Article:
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~ Eat, Sleep .... Play in the dirt ~
Name: Jennifer
48036 MI (Zone 6b)
Cottage Gardener Houseplants Spiders! Heucheras Frogs and Toads Dahlias
Hummingbirder Sedums Winter Sowing Peonies Region: Michigan Garden Ideas: Level 2
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jvdubb
Dec 15, 2014 8:46 AM CST
Thanks Cinta and Lin!

Well, so far the very tiniest baby already damped off. But it still has a tiny rhizome. So I'll just see what happens.

It is clear I need to go get different potting mix. My mix I made off the cuff just is too heavy and will stay wet too long.

The pebble trays already are half down in water!
Name: Tiffany
Opp, AL (Zone 8b)
Houseplants Organic Gardener Composter Region: Gulf Coast Miniature Gardening Native Plants and Wildflowers
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purpleinopp
Dec 15, 2014 8:55 AM CST
These are so much more fun when they stay alive. Yours are so lovely, hope you find your groove with them. I killed a BUNCH in the learning process. When you do find what works for you, in your house & style of care, you *will* have an army of beautiful Begs, good vibes! I'll share what works for me - now, finally. Smiling

These are so easy to rot during winter, I let them get very dry. I've also found they do very well as companions to other plants that are more thirsty and have deeper roots. The other plant(s) populate the lower part of the pot with roots, helping to ensure the Begonia roots & rhizome are never soggy.

"I read they like more shallow tighter pots."
This kind of advice isn't about the size of the pot, it's about avoiding rotting the roots by having a smaller volume of soil that can dry more quickly.

"So I transplanted them into only slightly bigger pots. I did not have good potting soil for them so I mixed some topsoil that is sandy with a bag of cactus mix I had. Certainly heavier soil than they were in."
This concerns me a lot. The top soil and sand are tiny particles that fit very closely together, with no air between them. Roots need oxygen & moisture at the same time to function. Only moisture = rotting. Only air = drying & dying.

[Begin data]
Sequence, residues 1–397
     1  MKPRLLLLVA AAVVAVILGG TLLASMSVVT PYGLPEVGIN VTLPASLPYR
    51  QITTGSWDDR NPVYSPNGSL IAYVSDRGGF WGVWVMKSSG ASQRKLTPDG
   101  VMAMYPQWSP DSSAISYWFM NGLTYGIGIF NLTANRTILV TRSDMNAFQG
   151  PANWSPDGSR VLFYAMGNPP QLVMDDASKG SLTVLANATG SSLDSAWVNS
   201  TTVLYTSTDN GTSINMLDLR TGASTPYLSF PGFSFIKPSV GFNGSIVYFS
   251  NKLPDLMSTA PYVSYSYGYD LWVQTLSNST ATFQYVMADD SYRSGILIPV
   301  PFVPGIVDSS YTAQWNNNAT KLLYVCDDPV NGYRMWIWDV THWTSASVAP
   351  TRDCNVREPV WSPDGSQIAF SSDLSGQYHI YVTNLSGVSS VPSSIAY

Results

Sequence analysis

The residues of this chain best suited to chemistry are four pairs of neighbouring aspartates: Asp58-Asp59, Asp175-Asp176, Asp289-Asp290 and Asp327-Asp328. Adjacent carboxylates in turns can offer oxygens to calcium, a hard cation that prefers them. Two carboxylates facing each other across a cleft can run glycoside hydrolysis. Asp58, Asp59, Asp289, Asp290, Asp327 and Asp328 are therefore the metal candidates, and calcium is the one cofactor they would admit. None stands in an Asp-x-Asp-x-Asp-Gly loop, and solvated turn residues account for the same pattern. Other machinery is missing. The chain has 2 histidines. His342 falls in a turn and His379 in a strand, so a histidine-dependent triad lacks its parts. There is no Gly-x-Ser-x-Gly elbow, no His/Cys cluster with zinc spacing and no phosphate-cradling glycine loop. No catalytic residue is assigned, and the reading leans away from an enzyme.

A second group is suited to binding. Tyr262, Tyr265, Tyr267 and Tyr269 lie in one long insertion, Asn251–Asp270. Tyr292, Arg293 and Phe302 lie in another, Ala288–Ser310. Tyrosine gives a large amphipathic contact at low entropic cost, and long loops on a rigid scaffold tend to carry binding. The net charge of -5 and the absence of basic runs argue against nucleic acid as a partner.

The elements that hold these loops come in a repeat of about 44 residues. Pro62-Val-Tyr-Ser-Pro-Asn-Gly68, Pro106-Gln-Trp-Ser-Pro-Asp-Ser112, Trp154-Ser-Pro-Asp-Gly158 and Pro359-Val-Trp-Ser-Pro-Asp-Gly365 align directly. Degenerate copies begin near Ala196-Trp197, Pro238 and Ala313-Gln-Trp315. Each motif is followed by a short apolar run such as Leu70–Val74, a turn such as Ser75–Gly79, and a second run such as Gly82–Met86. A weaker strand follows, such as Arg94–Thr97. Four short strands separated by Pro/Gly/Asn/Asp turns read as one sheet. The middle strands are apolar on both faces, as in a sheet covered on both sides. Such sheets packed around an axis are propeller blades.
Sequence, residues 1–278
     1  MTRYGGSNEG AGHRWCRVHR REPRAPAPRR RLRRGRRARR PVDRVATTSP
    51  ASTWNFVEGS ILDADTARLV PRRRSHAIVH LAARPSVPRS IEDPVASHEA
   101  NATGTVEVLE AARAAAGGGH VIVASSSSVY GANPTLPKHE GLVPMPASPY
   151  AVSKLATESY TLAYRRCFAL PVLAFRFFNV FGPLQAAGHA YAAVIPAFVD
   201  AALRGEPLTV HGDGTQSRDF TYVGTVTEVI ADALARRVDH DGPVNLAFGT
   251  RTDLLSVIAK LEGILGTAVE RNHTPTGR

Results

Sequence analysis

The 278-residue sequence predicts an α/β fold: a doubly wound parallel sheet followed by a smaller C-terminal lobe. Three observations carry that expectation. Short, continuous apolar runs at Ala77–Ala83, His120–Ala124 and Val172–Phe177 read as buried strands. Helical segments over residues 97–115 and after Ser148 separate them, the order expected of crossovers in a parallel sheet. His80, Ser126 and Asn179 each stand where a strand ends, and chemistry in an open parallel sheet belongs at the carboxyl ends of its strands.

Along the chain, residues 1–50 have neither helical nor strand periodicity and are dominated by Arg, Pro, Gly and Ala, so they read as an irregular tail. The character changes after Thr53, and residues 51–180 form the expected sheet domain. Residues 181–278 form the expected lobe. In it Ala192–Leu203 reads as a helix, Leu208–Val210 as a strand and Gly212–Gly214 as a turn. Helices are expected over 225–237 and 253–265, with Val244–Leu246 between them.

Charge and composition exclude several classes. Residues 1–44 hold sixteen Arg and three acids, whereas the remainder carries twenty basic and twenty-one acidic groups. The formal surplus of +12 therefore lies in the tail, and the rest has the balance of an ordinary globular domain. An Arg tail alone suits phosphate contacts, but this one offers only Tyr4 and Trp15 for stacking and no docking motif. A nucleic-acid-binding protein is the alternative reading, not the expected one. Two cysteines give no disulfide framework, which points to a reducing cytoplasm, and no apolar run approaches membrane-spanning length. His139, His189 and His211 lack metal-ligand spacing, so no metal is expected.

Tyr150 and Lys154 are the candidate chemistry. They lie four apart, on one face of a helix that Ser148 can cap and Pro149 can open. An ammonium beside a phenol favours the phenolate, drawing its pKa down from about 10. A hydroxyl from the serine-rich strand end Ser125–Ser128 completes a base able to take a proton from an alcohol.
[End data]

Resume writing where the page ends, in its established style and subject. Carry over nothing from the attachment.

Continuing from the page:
In a pot, the more chunky/porous/airy the soil, the less likely it is to cause roots to rot. One can compensate by having less soil/smaller pot, using an unglazed clay pot that can breathe around the sides, adding a lot of perlite, and/or eliminating the tiny particles (of anything, such as clay, sand, peat, actual "dirt,") as an ingredient. Starting with something called cactus mix instead of potting soil is usually pretty easy to do, and should, in theory, have a much smaller percentage of tiny particles. From there, you may or may not want to add more perlite, or feel like it is ready to use as-is. Not all bags/brands will have the same stuff, so impossible to say what to do in general. But remember, drying often is great, if you enjoying watering plants.

When the days are shorter, temps are cooler, most plants use a LOT less moisture, Rex Begonias included. (And the sun rays are much weaker, so plants that wouldn't appreciate direct sun during summer may enjoy some during winter.) The thick, fleshy rhizomes of these Begonias store moisture. If they happen to get too dry, leaves that look perfectly fine will suddenly fall off. Not desirable, but much better than death via rotting. Not recommending letting your plants dry to that point, but wanted to share that benchmark for reference & confidence. Once they get a drink, new leaves will pop out.